‘Modern Family’ has one last goodbye hug

Photo+courtesy+of+Deadline

Photo courtesy of Deadline

Emily Morris, WXOU News Director

Eleven seasons came to a swift end with a finale dedicated to goodbyes and new beginnings. ABC’s Emmy-winning “Modern Family” ranked as the station’s longest running comedy series, enveloping over a decade of devotion from their audience.

The two-part finale refreshingly stirred up a few laughs before easing into tying up loose ends. Claire and Phil (Julie Bowen and Ty Burrell) are discovered trying to steal a moment of alone time in their RV-turned-lawn ornament amidst all their children moving back home. Phil’s sizzling bacon blows their cover, and the family is forced to come to terms with the overflowing Dunphy household.

Each of their adult children were last left in a wavering transitory period in the last episode.

Haley (Sarah Hyland) has muddled her family of four into a couple upstairs bedrooms, packed to the brim with her fussy twins and Dylan’s (Reid Ewing) thoughtful confusion. The middle child, Alex (Ariel Winter), has just turned her career upside down overnight by switching from a flashy company to an ethical research with studly Dr. Arvin Fennerman (Chris Geere). Rounding out the bunch, Luke (Nolan Gould) is still going in circles without a direction in sight, aside from spurts of jokes and heartfelt moments with his sisters.

The finale extends its focus onto the start of new stories with the need for heartwarming goodbyes from the Pritchetts and Pritchett-Tuckers, too. Meddling Claire and Phil’s cramped household into the perfect backdrop for each family member’s new story — a lot to combine into one hour. The first 30 minutes wrangle everyone’s directions, and the next muddle through painting the perfect goodbye group hug — there were seven hugs.

In the last special moment, Phil attempts to make a clean break from the family hug, but rallies back around within seconds — an excellent moment which swept the audience into their family hug too. After 11 years of following the “Modern Family” dialogue, it has surely transformed their audience into a second family.

“I’m going to be the first one to let go … It was awful,” Phil says.

Ty Burrell was a thoughtful choice to dictate their family goodbye — his role as Phil Dunphy was his breakthrough character. Although he had little other experience, Burrell fit into the quirky dad role seamlessly, as the actor is a father of two. Burrell even devoted some of his cues in fatherhood to “TV dads.”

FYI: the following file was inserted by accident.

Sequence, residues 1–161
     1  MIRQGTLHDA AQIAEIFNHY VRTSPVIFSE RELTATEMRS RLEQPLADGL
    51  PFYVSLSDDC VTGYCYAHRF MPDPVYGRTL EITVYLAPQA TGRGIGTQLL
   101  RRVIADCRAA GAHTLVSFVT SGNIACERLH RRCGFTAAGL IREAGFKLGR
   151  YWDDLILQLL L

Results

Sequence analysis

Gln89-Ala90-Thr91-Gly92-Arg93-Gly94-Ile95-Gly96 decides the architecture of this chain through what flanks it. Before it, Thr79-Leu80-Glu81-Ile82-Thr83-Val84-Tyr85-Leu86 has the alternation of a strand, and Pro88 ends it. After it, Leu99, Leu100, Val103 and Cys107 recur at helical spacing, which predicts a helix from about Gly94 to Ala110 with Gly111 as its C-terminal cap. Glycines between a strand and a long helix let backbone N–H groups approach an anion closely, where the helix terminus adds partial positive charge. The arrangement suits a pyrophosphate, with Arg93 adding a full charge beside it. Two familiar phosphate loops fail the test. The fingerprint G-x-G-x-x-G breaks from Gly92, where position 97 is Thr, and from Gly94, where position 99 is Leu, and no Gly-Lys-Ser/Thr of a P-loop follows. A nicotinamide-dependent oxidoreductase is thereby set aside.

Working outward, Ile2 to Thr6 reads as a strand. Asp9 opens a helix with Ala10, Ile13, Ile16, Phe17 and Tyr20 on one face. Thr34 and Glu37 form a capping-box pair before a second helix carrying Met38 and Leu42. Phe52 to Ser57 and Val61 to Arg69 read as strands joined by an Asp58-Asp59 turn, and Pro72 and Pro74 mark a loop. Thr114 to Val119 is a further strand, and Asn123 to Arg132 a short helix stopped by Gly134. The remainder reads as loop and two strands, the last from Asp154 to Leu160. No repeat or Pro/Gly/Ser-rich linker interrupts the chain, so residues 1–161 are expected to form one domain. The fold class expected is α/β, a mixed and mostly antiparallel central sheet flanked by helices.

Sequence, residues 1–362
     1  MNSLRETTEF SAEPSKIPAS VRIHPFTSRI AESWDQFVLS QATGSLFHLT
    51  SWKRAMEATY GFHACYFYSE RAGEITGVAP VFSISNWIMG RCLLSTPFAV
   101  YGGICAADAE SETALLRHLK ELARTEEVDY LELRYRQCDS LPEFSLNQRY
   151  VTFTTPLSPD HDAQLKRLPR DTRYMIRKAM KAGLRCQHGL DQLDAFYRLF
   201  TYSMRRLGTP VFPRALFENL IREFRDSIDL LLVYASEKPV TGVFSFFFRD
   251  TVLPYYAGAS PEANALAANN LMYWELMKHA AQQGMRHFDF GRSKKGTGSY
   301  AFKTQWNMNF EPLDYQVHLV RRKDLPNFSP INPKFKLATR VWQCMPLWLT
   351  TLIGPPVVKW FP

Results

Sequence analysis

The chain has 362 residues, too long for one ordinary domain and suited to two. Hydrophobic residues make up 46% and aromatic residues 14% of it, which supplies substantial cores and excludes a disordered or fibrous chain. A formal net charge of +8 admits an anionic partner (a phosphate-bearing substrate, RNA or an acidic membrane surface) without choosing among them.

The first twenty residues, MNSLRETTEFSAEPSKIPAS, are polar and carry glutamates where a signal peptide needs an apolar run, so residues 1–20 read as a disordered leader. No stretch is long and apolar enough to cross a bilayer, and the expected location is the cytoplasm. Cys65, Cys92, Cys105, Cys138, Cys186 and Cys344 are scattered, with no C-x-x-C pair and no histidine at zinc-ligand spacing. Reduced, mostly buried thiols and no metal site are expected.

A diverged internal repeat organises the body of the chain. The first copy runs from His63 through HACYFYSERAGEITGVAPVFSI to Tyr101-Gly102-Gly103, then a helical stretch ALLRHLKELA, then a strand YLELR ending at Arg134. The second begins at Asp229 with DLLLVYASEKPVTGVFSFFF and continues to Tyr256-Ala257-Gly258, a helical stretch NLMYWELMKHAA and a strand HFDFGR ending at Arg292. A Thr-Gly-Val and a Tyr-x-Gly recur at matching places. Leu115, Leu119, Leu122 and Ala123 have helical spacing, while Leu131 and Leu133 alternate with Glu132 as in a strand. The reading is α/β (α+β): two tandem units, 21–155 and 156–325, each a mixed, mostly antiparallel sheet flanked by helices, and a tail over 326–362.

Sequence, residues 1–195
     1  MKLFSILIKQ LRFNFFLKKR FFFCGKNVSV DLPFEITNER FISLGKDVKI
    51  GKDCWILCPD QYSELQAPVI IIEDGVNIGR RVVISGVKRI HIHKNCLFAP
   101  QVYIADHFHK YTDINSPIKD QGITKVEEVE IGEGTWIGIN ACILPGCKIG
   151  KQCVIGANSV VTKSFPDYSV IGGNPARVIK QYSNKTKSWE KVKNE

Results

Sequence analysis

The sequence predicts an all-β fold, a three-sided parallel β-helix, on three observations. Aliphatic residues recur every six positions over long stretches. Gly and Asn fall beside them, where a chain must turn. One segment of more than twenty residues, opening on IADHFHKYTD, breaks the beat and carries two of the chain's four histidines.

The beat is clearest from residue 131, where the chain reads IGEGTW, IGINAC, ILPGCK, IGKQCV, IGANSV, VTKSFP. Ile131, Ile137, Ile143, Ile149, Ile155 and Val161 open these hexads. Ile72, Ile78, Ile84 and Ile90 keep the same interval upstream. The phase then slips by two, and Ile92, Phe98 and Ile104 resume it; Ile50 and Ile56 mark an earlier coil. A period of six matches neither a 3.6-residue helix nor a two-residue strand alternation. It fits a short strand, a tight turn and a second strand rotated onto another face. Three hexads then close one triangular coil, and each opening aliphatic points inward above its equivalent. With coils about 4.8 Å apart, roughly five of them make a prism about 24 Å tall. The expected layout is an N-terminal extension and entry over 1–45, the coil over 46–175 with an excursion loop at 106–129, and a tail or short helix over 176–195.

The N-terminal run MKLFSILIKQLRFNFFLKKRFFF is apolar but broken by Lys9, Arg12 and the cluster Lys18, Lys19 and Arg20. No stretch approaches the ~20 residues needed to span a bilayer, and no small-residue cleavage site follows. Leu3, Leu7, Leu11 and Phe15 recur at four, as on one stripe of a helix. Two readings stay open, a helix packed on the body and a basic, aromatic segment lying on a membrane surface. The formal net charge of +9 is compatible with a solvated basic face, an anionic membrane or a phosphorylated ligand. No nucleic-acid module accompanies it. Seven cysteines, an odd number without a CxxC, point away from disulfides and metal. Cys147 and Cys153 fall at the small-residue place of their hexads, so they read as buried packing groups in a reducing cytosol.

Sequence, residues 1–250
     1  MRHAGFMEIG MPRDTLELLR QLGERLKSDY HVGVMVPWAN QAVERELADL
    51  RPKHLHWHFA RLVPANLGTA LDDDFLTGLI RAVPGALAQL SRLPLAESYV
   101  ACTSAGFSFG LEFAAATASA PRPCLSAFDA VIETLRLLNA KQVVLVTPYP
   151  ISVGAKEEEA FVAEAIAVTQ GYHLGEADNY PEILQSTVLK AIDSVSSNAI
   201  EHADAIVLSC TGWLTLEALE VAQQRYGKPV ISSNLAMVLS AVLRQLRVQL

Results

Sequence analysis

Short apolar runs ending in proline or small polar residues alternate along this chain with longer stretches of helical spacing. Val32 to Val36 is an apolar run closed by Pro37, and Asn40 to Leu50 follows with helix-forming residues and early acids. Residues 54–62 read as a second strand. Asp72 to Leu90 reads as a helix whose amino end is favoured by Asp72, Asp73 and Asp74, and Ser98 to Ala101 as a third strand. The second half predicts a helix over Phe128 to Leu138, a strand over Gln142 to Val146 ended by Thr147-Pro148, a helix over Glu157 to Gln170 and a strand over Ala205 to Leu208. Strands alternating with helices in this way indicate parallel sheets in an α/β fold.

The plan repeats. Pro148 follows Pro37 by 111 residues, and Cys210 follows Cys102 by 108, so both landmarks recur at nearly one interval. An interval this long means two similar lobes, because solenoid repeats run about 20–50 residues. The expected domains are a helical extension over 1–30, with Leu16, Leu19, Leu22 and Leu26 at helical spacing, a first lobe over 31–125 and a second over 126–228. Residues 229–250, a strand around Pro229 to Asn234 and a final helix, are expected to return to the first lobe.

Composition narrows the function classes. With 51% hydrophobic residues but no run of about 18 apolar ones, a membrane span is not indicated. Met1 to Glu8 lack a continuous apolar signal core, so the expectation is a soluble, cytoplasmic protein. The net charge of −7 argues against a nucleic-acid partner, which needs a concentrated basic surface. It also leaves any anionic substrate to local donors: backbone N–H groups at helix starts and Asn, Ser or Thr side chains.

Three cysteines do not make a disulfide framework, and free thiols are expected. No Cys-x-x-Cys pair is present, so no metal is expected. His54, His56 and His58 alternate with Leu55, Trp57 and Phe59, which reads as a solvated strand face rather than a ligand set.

“I think once I fail enough as a dad, I’ll be looking for help wherever I can get it,” Ty Burrell said, according to IMDb. “I just need enough time to screw things up and then I’ll start looking to TV dads for advice.”

Burrell’s role suited him well, and his shoe-in connection with Phil Dunphy is just the tip of the iceberg. The entire comedy is composed of relatable and heartfelt scenes to reach out to the real modern families watching.

After a decade of laughs and bonding with “Modern Family,” fending off expectations of the finale is nearly impossible, though. The finale left no stone unturned while wrapping up the characters’ stories, but the execution may give some audience members a bumpy road. In their attempt to address every character and open question, the flow from scene to scene appeared haphazard. “Modern Family” may have had a more compelling finale without such a thorough wrap-up.

Someone who has watched every precursor episode must complete the series after years of entertainment. The “Modern Family” finale may be a small swerve away from the rest of the series, but should not deter any new watchers. For anyone looking for a new TV binge challenge, the show — in its entirety — can give viewers comedic relatability to their own loud, fumbling and heartwarming families.